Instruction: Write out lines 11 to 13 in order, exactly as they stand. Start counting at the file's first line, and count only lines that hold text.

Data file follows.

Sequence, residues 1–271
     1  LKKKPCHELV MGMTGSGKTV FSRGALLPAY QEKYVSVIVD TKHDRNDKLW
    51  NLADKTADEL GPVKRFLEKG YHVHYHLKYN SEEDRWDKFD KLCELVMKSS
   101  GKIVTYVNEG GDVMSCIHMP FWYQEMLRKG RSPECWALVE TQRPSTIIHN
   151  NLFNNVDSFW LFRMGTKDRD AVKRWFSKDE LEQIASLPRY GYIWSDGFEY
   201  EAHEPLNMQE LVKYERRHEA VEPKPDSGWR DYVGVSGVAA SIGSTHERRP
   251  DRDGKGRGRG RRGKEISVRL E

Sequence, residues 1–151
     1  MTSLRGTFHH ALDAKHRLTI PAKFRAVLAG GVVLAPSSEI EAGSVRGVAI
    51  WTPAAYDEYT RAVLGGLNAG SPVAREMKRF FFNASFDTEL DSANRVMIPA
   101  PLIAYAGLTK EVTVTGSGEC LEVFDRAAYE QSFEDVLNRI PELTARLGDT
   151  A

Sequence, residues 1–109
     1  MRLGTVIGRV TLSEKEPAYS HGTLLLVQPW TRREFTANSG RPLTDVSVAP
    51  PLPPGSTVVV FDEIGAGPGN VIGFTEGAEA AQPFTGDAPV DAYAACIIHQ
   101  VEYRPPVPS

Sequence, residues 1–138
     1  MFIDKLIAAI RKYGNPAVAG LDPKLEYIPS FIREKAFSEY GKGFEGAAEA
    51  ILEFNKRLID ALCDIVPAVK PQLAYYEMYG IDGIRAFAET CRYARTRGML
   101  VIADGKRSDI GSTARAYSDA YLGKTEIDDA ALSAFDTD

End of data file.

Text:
   101  PLIAYAGLTK EVTVTGSGEC LEVFDRAAYE QSFEDVLNRI PELTARLGDT
   151  A

Sequence, residues 1–109